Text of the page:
A True Legacy Leader
In 1912 Lilian "Deedie" Orr, volunteered as a member of a visionary group of citizens concerned about children's well-being and they founded CAS. The vision of an earlier generation came full circle in 2012 through the efforts of Deedie's great granddaughter, the late Alice McSpadden Williams, our beloved board member, who led the effort to find CAS a permanent home.
Alice's lifelong commitment to CAS included her time, her talent and her treasure and set the example for so many others to follow: "I've made a legacy gift commitment because I want to perpetuate my annual support long after I'm gone. I've received the most important gift of my life, my children, because of CAS and I want to do everything I can to ensure CAS lives on for our grandchildren and our great grandchildren. There is no other agency like CAS and we must preserve it for future generations."
Please consider including Children's Aid Foundation, our 501(c)(3) supporting organization, which supports the mission of Children's Aid Society of Alabama, in your Will or estate plan, or by some other means and let us know when you do! All contributions are tax deductible to the fullest extent of the law.
For more information call Patti Lovoy at 205-943-5333.
An Interview with Legacy Leaders Michael and Martha Mims
Children's Aid Foundation Board Member Michael Mims and his wife Martha recently became CAS Legacy Leaders. We interviewed them to learn more about what motivated them to make this generous gift.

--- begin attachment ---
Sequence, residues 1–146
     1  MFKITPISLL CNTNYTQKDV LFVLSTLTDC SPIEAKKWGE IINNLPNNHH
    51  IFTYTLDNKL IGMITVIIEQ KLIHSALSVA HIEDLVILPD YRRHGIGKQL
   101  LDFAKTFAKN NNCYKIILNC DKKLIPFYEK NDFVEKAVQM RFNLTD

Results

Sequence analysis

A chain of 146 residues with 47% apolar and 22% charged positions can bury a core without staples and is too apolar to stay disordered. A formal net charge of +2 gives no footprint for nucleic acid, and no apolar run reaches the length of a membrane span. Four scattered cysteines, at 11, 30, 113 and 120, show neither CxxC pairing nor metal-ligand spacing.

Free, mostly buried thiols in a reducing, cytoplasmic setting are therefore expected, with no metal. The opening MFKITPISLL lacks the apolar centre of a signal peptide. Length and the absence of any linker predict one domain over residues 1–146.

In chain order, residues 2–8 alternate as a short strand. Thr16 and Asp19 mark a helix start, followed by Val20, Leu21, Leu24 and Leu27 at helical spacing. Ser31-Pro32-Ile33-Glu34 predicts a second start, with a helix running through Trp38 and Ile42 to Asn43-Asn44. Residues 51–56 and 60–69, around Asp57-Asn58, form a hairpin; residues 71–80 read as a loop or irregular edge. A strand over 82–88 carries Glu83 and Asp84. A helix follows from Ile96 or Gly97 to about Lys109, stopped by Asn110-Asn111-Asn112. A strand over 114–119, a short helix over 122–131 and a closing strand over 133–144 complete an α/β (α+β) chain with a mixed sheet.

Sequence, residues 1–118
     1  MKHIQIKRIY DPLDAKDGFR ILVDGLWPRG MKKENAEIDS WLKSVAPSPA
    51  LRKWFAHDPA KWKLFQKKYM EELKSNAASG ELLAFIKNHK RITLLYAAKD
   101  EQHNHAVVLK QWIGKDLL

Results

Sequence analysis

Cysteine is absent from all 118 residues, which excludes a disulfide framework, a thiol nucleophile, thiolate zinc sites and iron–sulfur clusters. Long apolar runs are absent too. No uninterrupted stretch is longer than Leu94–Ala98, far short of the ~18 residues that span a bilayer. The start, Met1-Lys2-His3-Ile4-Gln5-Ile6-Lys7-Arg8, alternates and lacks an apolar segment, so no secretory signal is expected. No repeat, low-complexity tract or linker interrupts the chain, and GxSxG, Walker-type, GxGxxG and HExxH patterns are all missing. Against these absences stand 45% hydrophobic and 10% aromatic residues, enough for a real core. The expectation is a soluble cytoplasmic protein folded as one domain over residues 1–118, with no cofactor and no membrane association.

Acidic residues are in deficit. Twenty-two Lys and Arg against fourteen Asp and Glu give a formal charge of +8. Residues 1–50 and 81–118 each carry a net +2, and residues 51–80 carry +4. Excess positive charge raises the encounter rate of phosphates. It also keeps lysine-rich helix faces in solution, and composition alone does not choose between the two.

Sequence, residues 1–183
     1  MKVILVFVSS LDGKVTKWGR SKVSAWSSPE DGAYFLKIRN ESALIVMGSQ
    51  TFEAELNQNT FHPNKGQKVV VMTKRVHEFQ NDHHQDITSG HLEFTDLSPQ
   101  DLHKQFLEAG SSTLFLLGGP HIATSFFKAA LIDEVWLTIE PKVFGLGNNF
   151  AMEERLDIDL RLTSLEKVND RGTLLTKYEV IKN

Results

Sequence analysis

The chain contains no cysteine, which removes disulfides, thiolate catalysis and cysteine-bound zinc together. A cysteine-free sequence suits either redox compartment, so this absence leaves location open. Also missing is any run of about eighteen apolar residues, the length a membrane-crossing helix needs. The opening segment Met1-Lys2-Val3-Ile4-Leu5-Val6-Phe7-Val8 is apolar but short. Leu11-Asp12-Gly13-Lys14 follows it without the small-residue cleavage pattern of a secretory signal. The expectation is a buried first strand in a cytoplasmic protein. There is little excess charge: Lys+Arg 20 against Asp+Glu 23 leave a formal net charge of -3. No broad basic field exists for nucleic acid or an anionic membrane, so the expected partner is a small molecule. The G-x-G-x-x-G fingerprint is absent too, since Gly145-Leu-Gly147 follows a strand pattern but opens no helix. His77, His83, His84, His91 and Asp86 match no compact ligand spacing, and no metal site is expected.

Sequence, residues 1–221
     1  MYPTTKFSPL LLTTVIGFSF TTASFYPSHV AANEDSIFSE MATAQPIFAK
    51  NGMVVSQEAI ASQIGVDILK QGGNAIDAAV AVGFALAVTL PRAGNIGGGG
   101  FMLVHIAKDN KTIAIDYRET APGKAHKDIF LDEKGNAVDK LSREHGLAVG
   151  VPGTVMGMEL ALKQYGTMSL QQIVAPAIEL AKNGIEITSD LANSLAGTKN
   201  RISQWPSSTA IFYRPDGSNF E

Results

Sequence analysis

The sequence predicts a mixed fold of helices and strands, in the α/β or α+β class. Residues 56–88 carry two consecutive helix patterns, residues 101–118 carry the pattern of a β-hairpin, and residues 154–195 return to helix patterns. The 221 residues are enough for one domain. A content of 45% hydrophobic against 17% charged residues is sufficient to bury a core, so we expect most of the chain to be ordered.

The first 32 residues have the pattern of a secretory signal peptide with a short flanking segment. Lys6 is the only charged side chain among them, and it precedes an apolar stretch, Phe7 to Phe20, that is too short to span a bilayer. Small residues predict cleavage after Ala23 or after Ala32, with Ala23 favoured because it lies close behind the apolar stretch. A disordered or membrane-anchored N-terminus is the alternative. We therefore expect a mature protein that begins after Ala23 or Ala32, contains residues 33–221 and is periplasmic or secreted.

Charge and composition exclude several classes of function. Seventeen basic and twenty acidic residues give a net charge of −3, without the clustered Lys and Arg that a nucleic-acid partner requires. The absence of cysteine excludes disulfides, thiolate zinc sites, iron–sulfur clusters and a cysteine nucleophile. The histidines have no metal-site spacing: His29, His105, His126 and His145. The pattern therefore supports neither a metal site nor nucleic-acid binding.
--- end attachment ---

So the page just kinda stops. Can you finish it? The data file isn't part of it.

CAS: Why did you agree to serve on the board in the beginning?
Michael: Janet Ball, a co-worker and former CAS board member, knew I was looking for an opportunity to give back to our communities and spoke with me about CAS. She thought my skill set may be a good fit to add value to the organization. After visiting with CAS CEO, Gayle Watts, and understanding what CAS was all about, I knew this was an organization I wanted to be involved with.
CAS: What impresses you the most about CAS and its mission?
Michael: The formation of CAS in 1912 makes it one of the most tenured continuous charitable organizations in Birmingham. Additionally, the focus on the well-being of children is important to me and my wife. Finally, the incredible dedication of the leadership and staff of serving families in need to get the education and resources that provide opportunities for success.
CAS: Why do you support CAS with annual gifts?
Michael: Nothing is more important to a community, a state, or a country than to provide the opportunity for success and growth for children in a healthy family environment. Ongoing support of CAS allows it to continue its mission of helping “at risk” families and children to become productive and engaged members of society.
CAS: Why did you decide to leave a Legacy gift?
Michael: Martha and I have been blessed with the resources God has provided. Leaving a Legacy gift is our small way of providing continued support to this great organization in fulfilling its mission long after we are gone.
Thank you, Michael and Martha, for making this gift for the future of Alabama's children and families.
Will Gaines Holmes (dec.)
Heyward Hosch III
Patti Hendrix Lovoy
Alice Ricks (dec.)
Robert and Barbara Glaze
Legacy gifts are charitable gifts that are committed now, but are spendable in the future, such as gifts through Wills, Trusts, Life Insurance and Retirement Plans. Many of these types of gifts can be completed with simple beneficiary changes, and other types require the assistance of financial or legal counsel.
Every donor who makes a legacy commitment will be recognized now (with permission) by our special "Legacy Leaders" designation. This is our way of recognizing the special planning that these donors have made to ensure the future of Children's Aid Society of Alabama.
Some Types of Gifts to Consider
Charitable Rollover of IRA*